I noted yesterday a request for assistance or information re personal grievance information for a bullying-related scenario. I have unfortunately dealt with many cases and have observed first hand the pain and collateral damage from this kind of behaviour. On several occasions, I have worked with teachers and leaders who have sadly resigned their careers as a result of their hurt both professionally and personally. Again, tragic and very sad to experience. However, I wish to suggest an alternative pathway for remedy. Whenever we start pursuing legal remedies, we open a huge can of worms that has no winners and a large group of losers who shoulder deep pain and broadly broken professional relationships. Legal remedy offers little or no redemptive options.
Rarely are both the person guilty and the victim of bullying the only ones to suffer. The professional community at large and the participant’s social connections suffer.
Let me explain further.
When we seek legal redress someone is going to suffer, (and usually both parties regardless of the outcome I time, cost and humiliation of one type or another).
Before you seek legal redress ask yourself what is my goal? Is it to punish the perpetrator or experience a change in behaviour? It may be of course yes to both.
Would a better option be to have the guilty retrained so that the years of experience in education are saved and reformed and no more damage occurs? The reality of a leader who has been guilty of this behaviours does not change. We often move them, but do not retrain therefore all we do is shift the problem and allow it resurface somewhere else. Besides, the likelihood that a senior leader will be removed is very very low.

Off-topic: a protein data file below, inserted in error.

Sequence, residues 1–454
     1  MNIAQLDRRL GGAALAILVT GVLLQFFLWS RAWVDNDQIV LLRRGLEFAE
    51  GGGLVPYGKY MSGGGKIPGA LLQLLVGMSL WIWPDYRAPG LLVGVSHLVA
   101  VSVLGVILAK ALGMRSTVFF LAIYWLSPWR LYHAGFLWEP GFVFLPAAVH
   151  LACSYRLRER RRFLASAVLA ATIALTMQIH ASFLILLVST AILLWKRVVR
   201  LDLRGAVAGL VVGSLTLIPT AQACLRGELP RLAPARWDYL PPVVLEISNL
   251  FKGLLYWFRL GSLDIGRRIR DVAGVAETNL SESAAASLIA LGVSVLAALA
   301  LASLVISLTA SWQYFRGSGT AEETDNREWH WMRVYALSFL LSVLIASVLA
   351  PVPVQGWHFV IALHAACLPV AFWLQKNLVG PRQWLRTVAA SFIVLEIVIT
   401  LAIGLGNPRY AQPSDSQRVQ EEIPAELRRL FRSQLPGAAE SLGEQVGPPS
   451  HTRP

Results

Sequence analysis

First, we must understand that the behaviour which is labelled as bullying is poor models of leadership. Often these models gained through previous experience and more than likely a leadership model void of professional development or fundamental understandings of what the essence of leadership is or how it should operate.
Secondly, bullying behaviour does not exist in isolation. In the case of a principal behaving poorly, senior leaders have seen, heard and by silence enabled the practice to continue. I have never met a bullying case where the other leaders in the community were completely unaware of the senior leaders behaviour..never. I am not too fond of the word complicit; however when a leader at any level remains silent, then they are by default complicit. When you step up to lead, you take on the responsibility to identify and remedy poor behaviour. Period.
What we have in essence is merely good people thrust into leadership positions without the appropriate and suitable skills that are required to lead.
Boards of Trustees must be cognizant of this. When we employ, we must train. To fail to do is a hospital pass for the staff and the successful candidate. We cannot assume someone who has led in the past at any level is capable of being able to lead their people at a higher level.
Training effectively for leading applies right thought the leadership structures, not just at the top. It is a serious and ongoing issue across multiple sectors and not only education.
What we require is to train effectively to change behaviour at one end to avoid it at the other. Just because someone has been fantastic at a curriculum, this does in no way make them qualified to lead. Leadership is a profession, and as such requires professional skills.
Ask yourself this simple question. When we hear people say, ‘they don’t pay me enough to put up with this’. Are they stating they want more money to make them feel better or are they staying the want the substance of their experience to change? I would suggest it is the latter.
We must attend to the professional development up front and not lament when it turns bad.
Remember, people want to live in a redemptive community, so when we mess up we are still welcome. Being redemptive is always the bigger act and will bring you better outcomes.
If you would like to have a confidential conversation regarding your situation or relative your model of leadership is not giving you the personal or professional outcomes you desire. Please drop me a note. firstname.lastname@example.org